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Dig Dis Sci. 1995 Mar;40(3):561-5.

Prevalence and prognostic significance of bacterascites in cirrhosis with ascites.

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1
Liver Unit, Chang Gung Memorial Hospital, Chang Gung Medical College, Taipei, Taiwan.

Abstract

The prevalence and prognostic significance of bacterascites (BA) were prospectively studied in 443 predominantly HBsAg-positive cirrhotic patients with ascites. Spontaneous bacterial peritonitis (SBP), culture-negative neutrocytic ascites (CNNA), and BA were identified in 12.4%, 8.4%, and 10.8%, respectively. Of these, 67%, 70%, and 71%, respectively, had peritonitis-related signs or symptoms. Among patients with SBP or CNNA, the clinical and laboratory data showed no significant difference between the symptomatic and asymptomatic groups. In contrast, among the patients with BA, the symptomatic group had significantly higher levels of serum total bilirubin and prolonged prothrombin time and significantly lower levels of ascitic fluid total protein than the asymptomatic group. Furthermore, the clinical and laboratory data were relatively similar between patients with asymptomatic BA and those with sterile ascites. In contrast, patients with SBP, CNNA, or symptomatic BA exhibited significantly more severe degrees of liver disease and significantly lower levels of ascitic fluid total protein than those with sterile ascites. There was no statistically significant difference between SBP and bacterascites regarding flora. All patients with SBP, CNNA, or symptomatic BA received antibiotic treatment immediately after paracentesis, as did six of the 14 patients with asymptomatic BA for concurrent respiratory or urinary tract infection, while the remaining eight patients with asymptomatic BA were followed clinically without treatment. Repeated paracentesis in the latter revealed no evidence of SBP or CNNA. The in-hospital mortality for sterile ascites was 22.8%, significantly lower than the 54.5% for SBP, 43.2% for CNNA, and 50% for symptomatic BA, but similar to the 21.4% for asymptomatic BA.(ABSTRACT TRUNCATED AT 250 WORDS)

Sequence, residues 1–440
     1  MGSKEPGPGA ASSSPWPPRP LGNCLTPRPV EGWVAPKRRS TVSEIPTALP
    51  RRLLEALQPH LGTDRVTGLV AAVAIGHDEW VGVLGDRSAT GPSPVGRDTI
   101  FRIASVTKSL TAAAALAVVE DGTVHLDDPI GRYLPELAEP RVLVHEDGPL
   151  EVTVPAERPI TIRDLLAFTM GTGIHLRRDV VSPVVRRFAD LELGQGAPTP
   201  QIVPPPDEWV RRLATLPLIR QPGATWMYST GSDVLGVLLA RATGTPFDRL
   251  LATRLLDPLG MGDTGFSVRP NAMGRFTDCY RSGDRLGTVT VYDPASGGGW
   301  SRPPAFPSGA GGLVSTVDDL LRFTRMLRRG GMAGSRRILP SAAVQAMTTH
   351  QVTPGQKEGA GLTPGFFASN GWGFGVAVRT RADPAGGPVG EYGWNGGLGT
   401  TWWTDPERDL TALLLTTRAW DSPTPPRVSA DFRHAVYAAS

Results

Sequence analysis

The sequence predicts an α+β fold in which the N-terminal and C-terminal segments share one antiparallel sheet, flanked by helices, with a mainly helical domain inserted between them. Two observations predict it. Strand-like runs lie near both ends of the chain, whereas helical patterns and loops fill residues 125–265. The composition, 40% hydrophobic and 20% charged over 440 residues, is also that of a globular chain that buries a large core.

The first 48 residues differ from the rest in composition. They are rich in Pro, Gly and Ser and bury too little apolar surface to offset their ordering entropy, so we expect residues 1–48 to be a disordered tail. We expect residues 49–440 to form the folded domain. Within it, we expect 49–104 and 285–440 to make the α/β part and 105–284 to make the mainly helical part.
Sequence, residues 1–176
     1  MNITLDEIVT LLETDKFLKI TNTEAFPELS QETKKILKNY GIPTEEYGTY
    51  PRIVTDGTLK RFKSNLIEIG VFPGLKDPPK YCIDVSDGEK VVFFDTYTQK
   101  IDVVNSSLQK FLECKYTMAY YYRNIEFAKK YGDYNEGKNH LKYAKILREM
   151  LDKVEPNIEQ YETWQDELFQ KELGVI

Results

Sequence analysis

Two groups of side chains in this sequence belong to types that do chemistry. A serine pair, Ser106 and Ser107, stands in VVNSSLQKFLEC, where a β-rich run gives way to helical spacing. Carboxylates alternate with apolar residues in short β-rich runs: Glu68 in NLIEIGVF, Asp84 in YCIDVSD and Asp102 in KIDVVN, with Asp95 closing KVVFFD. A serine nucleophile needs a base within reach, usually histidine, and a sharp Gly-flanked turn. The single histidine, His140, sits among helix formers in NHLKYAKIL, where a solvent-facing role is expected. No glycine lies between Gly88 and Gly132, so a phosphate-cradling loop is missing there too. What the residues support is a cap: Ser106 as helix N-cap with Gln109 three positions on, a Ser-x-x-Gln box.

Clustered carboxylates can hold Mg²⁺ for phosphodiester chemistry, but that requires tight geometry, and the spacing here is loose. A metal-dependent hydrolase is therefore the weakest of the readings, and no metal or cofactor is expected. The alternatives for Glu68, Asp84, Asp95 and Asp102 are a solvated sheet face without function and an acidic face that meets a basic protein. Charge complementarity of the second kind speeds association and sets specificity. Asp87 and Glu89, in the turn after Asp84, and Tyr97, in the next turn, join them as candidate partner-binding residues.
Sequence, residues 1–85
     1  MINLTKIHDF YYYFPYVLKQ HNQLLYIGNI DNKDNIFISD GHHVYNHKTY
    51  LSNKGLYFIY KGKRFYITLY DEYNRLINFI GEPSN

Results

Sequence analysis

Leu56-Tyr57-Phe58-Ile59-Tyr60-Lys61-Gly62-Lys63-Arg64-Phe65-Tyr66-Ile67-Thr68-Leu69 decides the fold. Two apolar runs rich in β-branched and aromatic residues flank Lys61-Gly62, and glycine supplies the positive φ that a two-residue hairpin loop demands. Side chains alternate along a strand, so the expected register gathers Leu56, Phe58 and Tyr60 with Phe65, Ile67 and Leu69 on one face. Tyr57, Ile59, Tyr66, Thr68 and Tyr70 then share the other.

PMID:
7895544
[Indexed for MEDLINE]
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